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Abstract

Abstract Given that the overarching goal of weight loss programs is to remain adherent to a dietary prescription, specific moments of nonadherence known as “dietary lapses” can threaten weight control via the excess energy intake they represent and by provoking future lapses. Just-in-time adaptive interventions could be particularly useful in preventing dietary lapses because they use real-time data to generate interventions that are tailored and delivered at a moment computed to be of high risk for a lapse. To this end, we developed a smartphone application (app) called OnTrack that utilizes machine learning to predict dietary lapses and deliver a targeted intervention designed to prevent the lapse from occurring. This study evaluated the feasibility, acceptability, and preliminary effectiveness of OnTrack among weight loss program participants. An open trial was conducted to investigate subjective satisfaction, objective usage, algorithm performance, and changes in lapse frequency and weight loss among individuals (N = 43; 86% female; body mass index = 35.6 kg/m2) attempting to follow a structured online weight management plan for 8 weeks. Participants were adherent with app prompts to submit data, engaged with interventions, and reported high levels of satisfaction. Over the course of the study, participants averaged a 3.13% weight loss and experienced a reduction in unplanned lapses. OnTrack, the first Just-in-time adaptive intervention for dietary lapses was shown to be feasible and acceptable, and OnTrack users experienced weight loss and lapse reduction over the study period. These data provide the basis for further development and evaluation. Implications Practice: Smartphone apps are particularly useful for predicting and preventing individual health behaviors and apps, such as OnTrack, could be utilized to facilitate greater success during self-directed weight loss attempts. Policy: Given the pervasiveness of obesity and associated health concerns, policymakers may wish to continue devoting resources to innovative methods for predicting and preventing problematic eating behaviors. Research: Additional research is necessary to confirm the efficacy of OnTrack as a weight loss tool and further refine the process of real-time prediction and prevention of lapse behavior. An estimated 68% of Americans are overweight or obese [1] and 49% of those who are overweight/obese are currently attempting to follow a lower-calorie diet in order to lose weight [2], with many others attempting to prevent weight gain [3]. Substantial weight loss (and weight loss maintenance), while difficult to achieve, occurs when people consistently adhere to intake and activity patterns designed to facilitate weight loss or weight loss maintenance [4–6]. However, specific moments of nonadherence (i.e., “lapses”) threaten weight control because each lapse represents episodes of excess calorie intake that may each be relatively small, but that can accumulate such that overall energy balance is positive. Each individual lapse also increases the likelihood of future lapses as lapses are associated with feelings of hopelessness, which may lead to a complete abandonment of weight control efforts [7–10]. Many programs exist to facilitate adherence to a dietary prescription, ranging from smartphone applications (apps) to self-directed attempts to commercial weight management programs to gold-standard behavioral weight loss treatments [11]. However, these interventions: (a) do not adequately target the prevention of dietary lapses (e.g., most smartphone apps simply provide methods of tracking eating, physical activity and weight); (b) are often delivered out-of-context (e.g., in a clinician’s office); and (c) are delivered days, weeks, or even months before (or after) the challenge they address (e.g., temptations from a social event) [12–15]. Moreover, these interventions tend to deliver the same core intervention components to everyone. For example, gold-standard behavioral weight loss treatment delivers the same 25 or so treatments sessions to all participants. Virtually none of the most popular weight loss apps available use technology to tailor their interventions to the user, other than simple adaptations of nutritional/physical activity recommendations and reinforcement and encouragement messages and gamifications [15, 16]. Just-in-time, adaptive interventions (JITAIs) are a potential solution to many of the challenges of traditional weight management interventions. JITAIs use real-time data to provide interventions that are tailored and delivered in a moment of need. Behavior change is more likely the closer the intervention is to the time and place of the target activity [17], suggesting that JITAIs could be more effective than traditional health behavior change interventions. JITAIs, which have varied in intensity from simply providing in-the-moment feedback to facilitating in-the-moment employment of a skill, have been effective for substance abuse, physical activity [18], sedentary behavior [19], smoking [20], macronutrient adjustments [21, 22], and decreasing fat intake [23]. One randomized controlled trial evaluated a JITAI based on self-monitoring entries using a personal digital assistant that provided ongoing, adaptive dietary feedback throughout a 2-year behavioral weight loss program [24]. Results revealed that personal digital assistant–delivered tailored feedback, compared with electronic and paper versions of self-monitoring without feedback, produced a significant reduction in energy intake but no differences in weight losses at 24 months [24, 25]. A more recent trial found weight losses to be equivalent among participants using a popular weight loss app (LoseIt!) compared with those using LoseIt! plus a companion research app that provided real-time tailored feedback based on food entries [26]. Taken together, these studies indicate that real-time, tailored interventions are feasible; however, providing feedback on dietary behaviors after they occur may not influence weight loss. An advanced form of JITAI can use machine learning approaches to analyze historical and real-time data to predict problematic behaviors before they occur. Machine learning algorithms can be a model for a general population and specific individuals, and improve in their performance as data accumulate on predictor and outcome variables. Specific predictors of lapse behavior have been identified through ecological momentary assessment (EMA) studies of individuals attempting to follow a dietary intake for weight loss. Lapses are more likely during specific environmental (e.g., watching television, the presence of food cues in the environment) and internal contexts (e.g., hunger, negative or positive mood, stress, several, boredom and feelings of deprivation) [7, 8, 10, 27–33]. A number of other variables (including sleep deprivation, alcohol intake, and cognitive load) have also been indirectly associated with dietary nonadherence [34–37]. As such, it is theoretically possible that a JITAI could predict the likelihood of lapsing based on known triggers, warn the person when the risk level is high, and deliver a targeted intervention aimed at preventing the lapse from occurring. To date, one app has been developed to predict eating behaviors. SlipBuddy is a smartphone app-based JITAI designed to predict and prevent episodes of general overeating (i.e., a subjective sense that one has eaten more than one should have) among individuals with overweight hoping to lose weight [38]. The machine learning algorithm embedded in the app predicted such episodes with a 71% accuracy, delivered brief tailored interventions as needed and achieved a 1.05% 1-month weight loss. One limitation of this JITAI is that it required manually building individual algorithms for each participant by training and testing 16 separate models. As such, participants were unable to begin receiving interventions for 3 months, and SlipBuddy’s scalability is limited due to this resource intensive design [38]. To target lapses from a weight control plan using methods that are more disseminable and scalable, we developed OnTrack. The app works in conjunction with an existing behavioral weight loss program such that the weight loss program recommends a dietary approach and OnTrack assists users with adhering to that approach. OnTrack utilizes a machine learning algorithm to automatically build models of lapse behavior, predict lapses before they occur, and delivers microinterventions when lapse risk is high. To develop OnTrack, we identified a host of predictive variables for lapsing (Table 1), used smartphone-based EMA to collect these data among individuals with overweight following a dietary plan for weight loss, and identified a machine learning model capable of accurately predicting dietary lapses [39]. The model now informs app-delivered just-in-time interventions. This study evaluated the feasibility, acceptability and preliminary effectiveness of OnTrack among a group of overweight individuals assigned to a structured commercial weight loss plan for 8 weeks. This open trial investigated subjective satisfaction, objective usage, algorithm performance, and changes in lapse frequency and weight loss. Additionally, we evaluated whether lapse reductions correlated to weight loss. Table 1 Variables assessed by OnTrack, how often and when assessment occurred, and response choices displayed to participant Variable name Question frequency Time of day rules Response type Affect ~3–4 per day All available times 5-point Likert Scale Boredom ~3–4 per day All available times Yes/No Hunger ~3–4 per day All available times Yes/No Cravings ~3–4 per day All available times Tiredness ~3–4 per day All available times Yes/No Unhealthy food availability ~3–4 per day All available times Yes/No Temptations ~3–4 per day All available times Yes/No Missed meals/Snacks ~3–4 per day All available times Yes/No/Unsure Self-efficacy (confidence) ~1–2 per day No night time 5-point Likert Scale Motivation ~1–2 per day All available times 5-point Likert Scale Socializing (with or without food present) ~1–2 per day Afternoons and evenings Yes with food/Yes without food/No Watching TV ~1–2 per day Afternoons and evenings Yes/No Negative interpersonal interactions ~1–2 per day All available times Yes/No Healthy food presence ~1–2 per day All available times Yes/No Cognitive load ~1–2 per day All available times 5-point Likert Scale Food cues (advertisements) ~1–2 per day All available times Yes/No Hours of sleep Once Morning Continuous Exercise Once Evenings Yes/No Alcohol consumption Once Afternoons and evenings Yes/No Planning food intake Once Morning and afternoon Yes/No Time of day Continuous Measurement All available times — Variable name Question frequency Time of day rules Response type Affect ~3–4 per day All available times 5-point Likert Scale Boredom ~3–4 per day All available times Yes/No Hunger ~3–4 per day All available times Yes/No Cravings ~3–4 per day All available times Tiredness ~3–4 per day All available times Yes/No Unhealthy food availability ~3–4 per day All available times Yes/No Temptations ~3–4 per day All available times Yes/No Missed meals/Snacks ~3–4 per day All available times Yes/No/Unsure Self-efficacy (confidence) ~1–2 per day No night time 5-point Likert Scale Motivation ~1–2 per day All available times 5-point Likert Scale Socializing (with or without food present) ~1–2 per day Afternoons and evenings Yes with food/Yes without food/No Watching TV ~1–2 per day Afternoons and evenings Yes/No Negative interpersonal interactions ~1–2 per day All available times Yes/No Healthy food presence ~1–2 per day All available times Yes/No Cognitive load ~1–2 per day All available times 5-point Likert Scale Food cues (advertisements) ~1–2 per day All available times Yes/No Hours of sleep Once Morning Continuous Exercise Once Evenings Yes/No Alcohol consumption Once Afternoons and evenings Yes/No Planning food intake Once Morning and afternoon Yes/No Time of day Continuous Measurement All available times — Adapted from Goldstein et al. (2017). View Large Table 1 Variables assessed by OnTrack, how often and when assessment occurred, and response choices displayed to participant Variable name Question frequency Time of day rules Response type Affect ~3–4 per day All available times 5-point Likert Scale Boredom ~3–4 per day All available times Yes/No Hunger ~3–4 per day All available times Yes/No Cravings ~3–4 per day All available times Tiredness ~3–4 per day All available times Yes/No Unhealthy food availability ~3–4 per day All available times Yes/No Temptations ~3–4 per day All available times Yes/No Missed meals/Snacks ~3–4 per day All available times Yes/No/Unsure Self-efficacy (confidence) ~1–2 per day No night time 5-point Likert Scale Motivation ~1–2 per day All available times 5-point Likert Scale Socializing (with or without food present) ~1–2 per day Afternoons and evenings Yes with food/Yes without food/No Watching TV ~1–2 per day Afternoons and evenings Yes/No Negative interpersonal interactions ~1–2 per day All available times Yes/No Healthy food presence ~1–2 per day All available times Yes/No Cognitive load ~1–2 per day All available times 5-point Likert Scale Food cues (advertisements) ~1–2 per day All available times Yes/No Hours of sleep Once Morning Continuous Exercise Once Evenings Yes/No Alcohol consumption Once Afternoons and evenings Yes/No Planning food intake Once Morning and afternoon Yes/No Time of day Continuous Measurement All available times — Variable name Question frequency Time of day rules Response type Affect ~3–4 per day All available times 5-point Likert Scale Boredom ~3–4 per day All available times Yes/No Hunger ~3–4 per day All available times Yes/No Cravings ~3–4 per day All available times Tiredness ~3–4 per day All available times Yes/No Unhealthy food availability ~3–4 per day All available times Yes/No Temptations ~3–4 per day All available times Yes/No Missed meals/Snacks ~3–4 per day All available times Yes/No/Unsure Self-efficacy (confidence) ~1–2 per day No night time 5-point Likert Scale Motivation ~1–2 per day All available times 5-point Likert Scale Socializing (with or without food present) ~1–2 per day Afternoons and evenings Yes with food/Yes without food/No Watching TV ~1–2 per day Afternoons and evenings Yes/No Negative interpersonal interactions ~1–2 per day All available times Yes/No Healthy food presence ~1–2 per day All available times Yes/No Cognitive load ~1–2 per day All available times 5-point Likert Scale Food cues (advertisements) ~1–2 per day All available times Yes/No Hours of sleep Once Morning Continuous Exercise Once Evenings Yes/No Alcohol consumption Once Afternoons and evenings Yes/No Planning food intake Once Morning and afternoon Yes/No Time of day Continuous Measurement All available times — Adapted from Goldstein et al. (2017). View Large METHODS Participants Participants were 44 adults (18–65 years old) with overweight or obesity (body mass index 25–50 kg/m2) who owned an iPhone. Individuals were excluded if they were enrolled in another structured weight loss program, were pregnant or planning to become pregnant, reported disordered eating symptoms, had a medical condition that contraindicated weight loss, had begun or changed dosage of a weight or appetite-affecting medication in the past 3 months, or had a history of bariatric surgery. One participant dropped out of the study prematurely due to unforeseen circumstances (e.g., leaving the country), and so the data below reflect 43 participants. Design This study utilized an open trial design. All participants were assigned to the Weight Watchers (WW) online weight loss program (more information below) and to OnTrack for a period of 8 weeks. Assessments were conducted at pre- and postintervention. Procedures Participants were recruited through print and online advertisements, and screened via a brief screening call. Participants recorded dietary intake using the WW mobile app, and entered data related to lapses and lapse triggers in OnTrack. (Apps were provided at no cost.) Assessments took place in person. Intervention descriptions Weight watchers intervention All participants received access to WW Online, accessible via website or mobile app. The dietary component of WW is the SmartPoints plan, which assigns each food and beverage a SmartPoints value based on protein, fat, carbohydrates, and fiber. The plan is designed to achieve weight control by encouraging consumption of satiating foods low in energy density, such as fruit, vegetables, and low-fat proteins. As part of the dietary plan, WW assigns participants a SmartPoints budget, personalized based on their age, gender, weight, and height. As part of their budget, each participant was given a Daily SmartPoints goal (range from 30 to 93), and a Weekly SmartPoints bank (range from 14 to 42). In order to allow participants to standardize the definition of a lapse (see below), we adapted the daily SmartPoints goals to specific meal and snack point targets throughout the day. In particular, participants were allotted 15% of their daily SmartPoints for breakfast, 25% of their Daily SmartPoints for lunch, 40% of their Daily SmartPoints for dinner, and two snacks of 10%. They were instructed to closely adhere to these goals with minimal adjustments and were allowed to adjust point goals during the follow-up appointment (2–5 days after the baseline). Participants were instructed to use their Weekly SmartPoints as desired. Participants were instructed to track their daily food intake via the WW app or website. OnTrack intervention OnTrack assessed potential lapse triggers by prompting users to complete semi-random surveys six times a day during waking hours. The app also allowed users to enter data at will when a lapse occurred. (See Figure 1 for OnTrack’s main screen and an example of a data entry prompt.) Each time new information was entered into the app, the machine learning algorithm determined associations between risk factors (listed in Table 1) and lapse behavior (going over the assigned point target for a meal or snack). OnTrack employs a cost-sensitive ensemble model utilizing logit boost [40], bagging [41], random subspace [42], random forest [43], and Bayes net [44] (for detail, see [39]). Participants provided data for 2 weeks before lapse risk alerts were enabled. OnTrack’s algorithm was created from group-level data (collected during the algorithm development phase) and this initial model was continuously updated with all available individual data in real-time to personalize future dietary lapse predictions and tailor interventions (for detail, see [45]). Fig 1 View largeDownload slide Smartphone app Screenshots (as seen by participants). The app was previously called DietAlert and was changed to OnTrack based on participant feedback. Fig 1 View largeDownload slide Smartphone app Screenshots (as seen by participants). The app was previously called DietAlert and was changed to OnTrack based on participant feedback. When risk for lapse was identified, an alert was issued communicating that the participant was at risk and displaying up to three factor(s) substantially contributing to level of risk (extracted from the machine learning algorithm). In response to each risk factor, participants saw one-sentence interventions describing possible strategies to cope with each specific risk factor, which they could select to view a more detailed intervention (approximately 1–2 app screens). The interventions were selected from a bank of 157 (7–10 for each risk factor), which were developed using an empirically based health behavior change taxonomy [46], and typically contained some form of user interaction such as write-in text or checkboxes. Further details on intervention development and deployment of the app (originally titled DietAlert) have been previously described [39], and screenshots of the risk alert and intervention system are displayed in Figure 1. Measures Weight Participant weights (to the nearest 0.01 lb) were obtained by a calibrated scale at all assessments, and a stadiometer was used to measure participants’ height to the nearest 1.0 cm at baseline. Participants were asked to wear light clothing and remove shoes for assessment. Dietary lapses Participants used OnTrack to record lapses from the WW dietary plan throughout the duration of the study. A dietary lapse was defined as, “any instance in which you exceeded your SmartPoints goal for a meal or snack.” In this sense, we included both the conventional definition of an unintended slip from one’s planned meal/snack as well as intentional overages that the participant planned to remedy. Participants were asked at each semi-random survey prompt if they had experienced a dietary lapse since the previous survey. Participants were also encouraged to enter lapses into OnTrack as soon as they occurred. At each lapse entry, participants were asked to report the exact time and date of the lapse. When participants reported a lapse, they were also asked to describe if the lapse fell into the following categories: (1) consumed a high-point food item that they had intended to avoid, (2) consumed more of a food than planned, (3) ate at a time they had not intended, (4) did not know the point values of a food, and (5) planned to go over the meal/snack target. Categories were not mutually exclusive. OnTrack predicted all lapses (regardless of type); however, we distinguished between planned (i.e., where the participant selected category 5 above) and unplanned lapses when evaluating the app’s effectiveness over time, as these categories could represent clinically distinct behaviors (implications are discussed below) [32, 47, 48]. Lapse triggers Each OnTrack survey prompt contained eight questions that assessed a subset of internal and external lapse triggers. Given that there were 20 possible self-reported triggers for lapse, not all triggers were assessed at each prompt to reduce participant burden [49]. See Table 1 for a complete list of lapse triggers assessed and frequency of assessment. Lapse triggers were measured on 5-point Likert scales or dichotomous (yes/no) questions. Utilization OnTrack automatically recorded the number of survey prompts delivered and completed, and the number of risk alerts received and viewed. Perceived helpfulness Once risk alerts were enabled, users received an end-of-day survey question about that day’s risk alert utility and accuracy. Users were also instructed to rate the helpfulness of each intervention delivered on a provided 1- to 5-star scale. Technology acceptance At the conclusion of the study, participants completed the Technology Acceptance Model Scales [TAMS] [50] to assess satisfaction, perceived usefulness and usability, and technical problems with the OnTrack app. The TAMS consists of a Likert rating scale (from 1 to 7), and two text-entry questions for participant positive and constructive feedback. The TAMS has demonstrated adequate reliability and validity in measurement [50]. RESULTS Participant characteristics Participants’ (86% female; nfemale= 37; nmale = 6) average age was 50.98 years (SD = 12.72 years) and body mass index (BMI) was 35.6 kg/m2 (SD = 5.88 kg/m2). Race/ethnicity was self-identified as follows: 74.4% White, 18.3% Black, 2.3% Latino/Latina, and 4.6% as other. Approximately 80% of participants had used an app to track their eating and/or physical activity previously and the majority of participants (72.1%) self-reported using apps on his or her phone more than once per day at the time of study enrollment. OnTrack app use To quantify OnTrack app usage, percent of surveys completed (“adherence”) and opened risk alerts over time were calculated. Participants received six surveys each day. Participants were adherent with daily prompts to enter information into the app, responding to an average of 85.1% of the 336 daily surveys (SD = 14.6%, range = 44.6–98.8%). However, a repeated measures ANOVA revealed that adherence to surveys declined over time, Wilk’s Lamda = 0.19, F(7,36) = 20.82, p < .001. Average adherence with surveys during the first week of study participation was 92.14% (SD = 7.13%); during the final study week, average compliance dropped to 76.08% (SD = 2.70%). When participants were identified to be at risk for a lapse by the machine learning algorithm operating within the app, they were provided with a notification called a “risk alert.” Participants received an average of 7.29 risk alerts per week (SD = 2.40 risk alerts, range = 2.75–12.00 risk alerts). Participants opened an average of 5.14 risk alerts (SD = 2.43 risk alerts, range = 1–11 risk alerts), that is, 70.15%, of these alerts, such that they could view the personalized factors placing them at risk and see a list of suggested microinterventions (e.g., one-sentence suggestions to combat a particular risk factor). Of the 21 possible triggers, 29% of intervention triggers were based on time of day, 16.7% based on low motivation, and 10% based on fatigue. The remaining 18 triggers were identified as risk factors less than 10% of the time. A repeated measures ANOVA revealed that viewing alerts decreased over the course of the study period from week 3 (M = 77.9%, SD = 24.3) to week 8 (M = 68.3%, SD = 27.2), Wilk’s Lamda = 0.59, F(5,21) = 1.90, p = .04. Once an alert was opened, participants chose to open 44.7% of the microinterventions in order to read a “full” intervention (i.e., two to three pages of app text). Satisfaction and acceptability To examine satisfaction and acceptability, descriptive statistics were calculated for participants’ overall OnTrack app ratings at the end of the study as well as satisfaction ratings with app interventions provided throughout the study. Per responses on the TAMS (possible range from Strongly Disagree (1) to Strongly Agree (7)) at posttreatment, participants indicated that the app was easy to use (M = 6.14, SD = 1.58) and that they had minimal technical issues (M = 2.91 out of 7, SD = 1.24). Participants rated the app as moderately useful (M = 4.64, SD = 1.58) and enjoyable (M = 4.37, SD = 1.62), with a somewhat positive behavioral intention to use (M = 4.48, SD = 1.86). Participants who provided ratings on the library interventions (53.5% of the total sample) indicated that the interventions were moderately helpful (M = 3.94 out of 5, SD = 0.69). Of interventions delivered via risk alert, 81.02% were rated as 3 stars or greater (out of 5 stars). The highest-rated interventions addressed time of day, fatigue, low motivation, and boredom triggers, whereas the lowest-rated addressed watching TV, bad mood, and lack of available healthy foods. Participants reported that the app may be more acceptable and useful if it were integrated with WW (to increase overall ease of monitoring), was even further tailored to adapt the daily EMA questions to suit each individual’s problem areas, was less reliant on wireless connection (to facilitate improved data entry and intervention access), and contained features to block prompts/interventions during certain times of the day (e.g., periods of driving, meetings). Algorithm accuracy During the development phase of OnTrack (a-data-collection-only period), we were able to use ensemble classifiers described above to achieve an algorithm accuracy of 72%, sensitivity of 70%, and specificity of 72% [51]. The algorithm was implemented in this study with the understanding that more individualized data would enhance algorithm performance. To evaluate algorithm performance during this study, algorithm-generated predictions were compared to actual lapse occurrences (as self-reported by participants). Table 2 illustrates a confusion matrix that compares all lapses that were predicted to those that occurred during weeks 3–8 (when algorithm-generated interventions were triggered). Given that the app was both attempting to predict and intervene on lapses, the metrics of sensitivity of the machine learning algorithm and overall prediction accuracy are insufficient to objectively interpret the algorithm performance. For example, an incorrect lapse prediction could be a false positive, or it could be a case in which the intervention effectively prevented a lapse. Conversely, if there was an “accurate” lapse prediction, the interventions may not have adequately prevented the lapse. Table 2 Confusion matrix of predictions generated by OnTrack and the subsequent lapse occurrences (as self-reported by participants) Outcome reported by participant No lapse Lapse Outcome predicted by app No lapse 4,903 1,228 Lapse 1,253 324 Outcome reported by participant No lapse Lapse Outcome predicted by app No lapse 4,903 1,228 Lapse 1,253 324 View Large Table 2 Confusion matrix of predictions generated by OnTrack and the subsequent lapse occurrences (as self-reported by participants) Outcome reported by participant No lapse Lapse Outcome predicted by app No lapse 4,903 1,228 Lapse 1,253 324 Outcome reported by participant No lapse Lapse Outcome predicted by app No lapse 4,903 1,228 Lapse 1,253 324 View Large As such, the best representation of model performance is the negative predictive value (e.g., the proportion of true non-lapses among all the predicted non-lapses) because this statistic is not biased to the provision of intervention on lapses. The negative predictive value in this study was 80%, indicating good model performance on this criterion. The majority of participants (72.9%) reported that interventions received for the day were accurate and/or helpful (e.g., “I received alerts that were helpful”, “I received alerts and a portion of them were helpful”, “I received no risk alerts and that seemed right”). Lapse frequency and weight change To evaluate lapses frequency and its relationship to weight change, lapses were categorized into “planned” and “unplanned” depending on participant self-report. Participants averaged approximately 18.26 (SD = 18.48) planned lapses and 37.74 (SD = 28.47) unplanned lapses across the study period. A repeated measures ANOVA was used to evaluate change in number of self-reported lapses over time when controlling for compliance with completing survey prompts (the primary method for reporting lapses). Results indicated that there was no significant relationship between time and lapses when controlling for compliance for both planned lapses, Wilk’s Lamda = 0.81, F(7,34) = 1.10, p = .38, and unplanned lapses, Wilk’s Lamda = 0.86, F(7,34) = 0.79, p = .61. Figure 2 illustrates changes in unplanned and planned lapses by week. Paired samples t-tests were used to directly compare the number of lapses during week 1 to the number to lapses during week 8. Unplanned (M = 2.09, SD = 5.59), t(41) = 2.43, p = .02, d = 0.38) but not planned lapses (M = 0.26, SD = 2.45), t(41) = 0.69, p = .29, d = 0.10) decreased significantly over the study period. Fig 2 View largeDownload slide Average reported lapses by study week. Line represents when risk alerts began. Fig 2 View largeDownload slide Average reported lapses by study week. Line represents when risk alerts began. With regard to evaluating weight change, we calculated percentage of body weight lost across participants, compared pre- and postintervention BMI, and examined the percentage of individuals who achieved clinically significant weight loss using mobile intervention standards (i.e., 3% or greater) and standards for appreciable health benefits (i.e., 5% or greater) [52, 53]. Final weight data were missing for four participants, as they were unable to attend the final assessment. As such, intent-to-treat analyses were conducted using the last-observation-carried-forward method. Participants demonstrated an average of 3.13% weight loss (SD = 2.98%, range = −9.00% to 7.00%). A paired samples t-test revealed a significant difference between pre- (M = 35.65) and postintervention BMI (M = 34.78), t(42) = 3.61, p = .001, d = 0.55. 43.6% of participants achieved weight losses of at least 3% and 35.9% of participants achieved weight loss of 5% or greater. Lastly, the relationship between lapses and weight was examined using Pearson’s correlations. In particular, we were interested in examining behaviors of individuals who were “successful” weight losers, which we defined as those who lost at least 3% of their body weight. This 3% threshold is a benchmark chosen based on the primary intervention being solely app-based, the 8-week period and findings from similar studies [54–57]. An independent samples t-test was used to examine differences in lapse frequency between individuals who met this threshold and those who did not. Pearson’s correlations revealed a nonsignificant association between overall weight loss and unplanned (r = 0.10, p = .52) as well as planned (r = −.04, p = .79) lapses. When comparing individuals who did and did not reach the >3% weight loss threshold, the differences in lapse frequency were small and nonsignificant for planned lapses (Mdifference = 4.19, SE = 5.78), t(41) = 0.73, p = .47, d = .22, but medium-large and significant at a trend level for unplanned lapses (Mdifference = −23.36, SE = 12.25), t(41) = −1.91, p = .06, d = .58. DISCUSSION This study is the first to develop a JITAI for preventing dietary lapses among participants with overweight and obesity. While the design did not allow us to draw firm conclusions about the efficacy of OnTrack, the app demonstrated the feasibility and acceptability of a JITAI method for preventing dietary lapses. OnTrack also demonstrated preliminary effectiveness in reducing unplanned dietary lapses and facilitating weight loss. Subjectively, participants indicated that OnTrack was easy to use and helped them achieve weight control. Of note, their basis of comparison may have been commercial-grade apps, as 80% of participants had previously used commercially available weight loss/health promotion apps. Participants showed excellent adherence with prompts to enter surveys. However, we did observe a modest fall-off in response rates through time, which could suggest that compliance would be problematic over the longer term. Even at the end of the 8-week study, the rate of survey responding (76.0%) was high and as good or better than reported by other EMA studies even after only 2 weeks [58–60]. Devising a system that facilitates continued compliance over many months is critical for this type of intervention, given that the algorithm uses these data to inform the timing and content of intervention delivery. One possible motivator of survey compliance may have been that survey responses were used for the purposes of generating interventions, and participants believed these to be helpful. Participants perceived the algorithm-determined lapse risk alerts to come at helpful times and rated the delivered interventions favorably. Objectively measured engagement with the app was high throughout the 8 weeks of the study, with participants opening the majority (70%) of risk alert interventions and frequently choosing to view the most comprehensive version. While this rate decreased somewhat over time, this trend is to be expected as participants became increasingly familiar with the reasons they were lapsing. Contrary to hypotheses, participants did not experience a decrease in overall dietary lapses over the course of the intervention when controlling for survey compliance. Examining changes from week 1 to week 8 revealed that unplanned lapses decreased over time. This decreasing trend was not evident in planned lapses. The differences between planned and unplanned lapses are not surprising given that OnTrack was designed to help prevent overeating episodes triggered by internal and external eating cues (vs. a deliberate decision to eat more on one occasion and less at another). One limitation in interpreting these results is that the observed reductions in lapse reports could be conflated with reductions in app usage over time. Additional studies comparing OnTrack to an EMA-only version are warranted to explore these relationships further. Participants evidenced a 3.13% weight loss over the 2-month study period, with drop-outs conservatively coded as having lost 0% weight. The additive efficacy of OnTrack cannot be directly assessed due to the lack of a control group. However, the rate of weight loss observed (1.6%/month) can be informally compared with a meta-analytic average of weight loss from a weight loss app alone (0.6%/month) [61]. A more distant, but perhaps still-useful benchmark, is the rate at which gold-standard in-person behavioral treatment achieves weight loss across the first 6 months (1.1%/month) [62]. Also of note is that 35.9% of OnTrack participants experienced a 5% weight loss by posttreatment, which is considerably higher than the proportion reported by a recent study of individuals using the Weight Watchers app [63]. All told, results support the promise of OnTrack for enhancing weight loss. Importantly, the variability of weight change in this study was high (range: −7.8 kg to + 7.3 kg), which warrants further investigation of potential moderators of outcomes. The association between lapse frequency and weight loss further bolsters the underlying notion that lapses are a viable target for intervention. The lack of an association between weight loss and planned lapses is most likely explained by the fact that these lapses were compensated for as planned, such that the total calorie intake for the day was not in excess. In fact, gold-standard behavioral weight loss programs encourage this type of planning or “banking” as a way of allowing for occasional eating more than typical while still maintaining an energy deficit [64–66]. As such, future iterations of OnTrack might focus on a specific lapse type (e.g., unplanned lapses) rather than all lapses that occur from an eating plan. With regard to the performance of the app-based machine learning algorithm, participants perceived most risk alerts to be accurate and appropriate. However, objective interpretation of the algorithm performance is non-trivial because OnTrack was both attempting to predict and intervene on lapses. One option to explore in future iterations of the OnTrack risk algorithm is to assume that a lapse would have occurred had the app not intervened. In such a case, one could tag a non-lapse behavior being followed by a lapse risk alert prediction as a lapse. Recoding false negatives into true positives could restore balance to algorithm performance, as well as assist the algorithm in learning the correct trigger–lapse associations. Future research is needed to investigate the clinical and statistical impact of recoding false positives into true positives when a JITAI is aiming to predict and prevent a proximal outcome in real time. Another logical next step is to conduct a microrandomized trial (e.g., each opportunity for intervention is randomized to a condition) to evaluate the effectiveness of lapse prediction and subsequent intervention [67]. Strengths and limitations Several limitations of the current project must be acknowledged. First, we conducted an open trial, which reduces our confidence that OnTrack was responsible for reductions in lapse frequency or for weight loss. Secondly, while we took care to define lapses as objectively as possible, participants likely became better over time with counting points, and it is possible that participant perception of lapses changed over time. Additionally, as is typically the case in weight loss studies, most participants were female; thus, app engagement and outcomes may not generalize to men. Lastly, the intervention continued for only 8 weeks, whereas a successful weight control intervention would presumably have to be engaging and impactful for considerably longer. Future research should aim to address limitations of this study. First, a randomized controlled trial is a logical next step to determine whether OnTrack is the causal factor in the reduction of lapses and weight loss. There are several possibilities for a comparison condition, including a WW-only condition (thus testing the impact of the full JITAI app) or a WW + EMA condition (thus removing the potential reactivity effects of repeated prompting). In addition, several participants provided qualitative data indicating that many of the repeated questions did not feel relevant to them; future iterations of OnTrack could better tailor data inputs, that is, only ask questions that are relevant to the participant. Similarly, OnTrack could incorporate and utilize more passive channels of data collection, such as geolocation, which could help increase the accuracy of the algorithm (e.g., provide a risk alert to a participant when he is near an ice cream shop, where he had lapsed before). In addition, more interactive features (e.g., videos, badges, other forms of positive reinforcement) could be incorporated and tested for their correlation to prevent the decrease in engagement over time. Recruiting more male participants would also improve the generalizability of a future study. Strengths of this study include the development and provision of a machine learning algorithm that was able to predict and intervene on dietary lapses, thus applying modern statistical methods to behavior change research. OnTrack used cost-sensitive ensemble decision trees that showed promise during the development phase of the app, achieving 70% sensitivity and 72% specificity in a previous trial [51]. These standards meet established conventions for prediction of human behavior [38, 68]. Moreover, OnTrack is an exemplar for the deployment of these algorithms in real time and highlights important methodological hurdles for employing JITAI for lapses. In addition, we paired OnTrack with a popular weight loss app, making the findings applicable to more main-stream populations. Lastly, we measured outcomes across modalities including self-reported satisfaction, app compliance and feature usage, lapse frequency, and weight. CONCLUSIONS In sum, OnTrack achieved its preliminary aim in successfully deploying the first JITAI for dietary lapses. These findings are significant in that a positive correlation between OnTrack usage and weight loss was observed. Clinically significant weight losses were observed, and further research is necessary to determine the extent to which OnTrack is responsible for these outcomes. This weight loss in conjunction with the feasibility and acceptability suggests that, with further testing and research, OnTrack could prove to be a disseminable companion app to reduce dietary lapses and facilitate weight loss. Acknowledgments We would like to acknowledge and thank the efforts of our student programmers, Kyle Levin, Will Fligor, and Zack Haubach for their efforts on developing OnTrack. Compliance with ethical standards: The findings reported here have not been previously published and the manuscript is not being simultaneously submitted elsewhere. The authors have full control of all primary data and agree to allow the journal to review the data if requested. This research was conducted under the supervision of Drexel University’s Institutional Review Board and there are no ethical disclosures to be made. Ethical Approval: All procedures performed in studies involving human participants were in accordance with the ethical standards of the institutional and/or national research committee and with the 1964 Helsinki declaration and its later amendments or comparable ethical standards. This article does not contain any studies with animals performed by any of the authors. Funding: This study was funded by the Weight Watchers Karen Miller-Kovach Research Grant from The Obesity Society and the Drexel Ventures Innovation Fund awarded to Dr. Forman. 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Translational Behavioral MedicineOxford University Press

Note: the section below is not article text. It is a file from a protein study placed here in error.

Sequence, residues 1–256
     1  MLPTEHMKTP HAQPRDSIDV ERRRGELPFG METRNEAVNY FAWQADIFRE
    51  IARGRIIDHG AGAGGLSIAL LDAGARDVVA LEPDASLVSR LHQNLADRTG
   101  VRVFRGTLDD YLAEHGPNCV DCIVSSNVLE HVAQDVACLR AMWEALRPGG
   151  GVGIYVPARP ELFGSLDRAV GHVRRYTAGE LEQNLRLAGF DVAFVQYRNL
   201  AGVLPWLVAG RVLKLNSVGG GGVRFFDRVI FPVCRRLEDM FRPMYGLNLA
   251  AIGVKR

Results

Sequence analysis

Published: Mar 29, 2018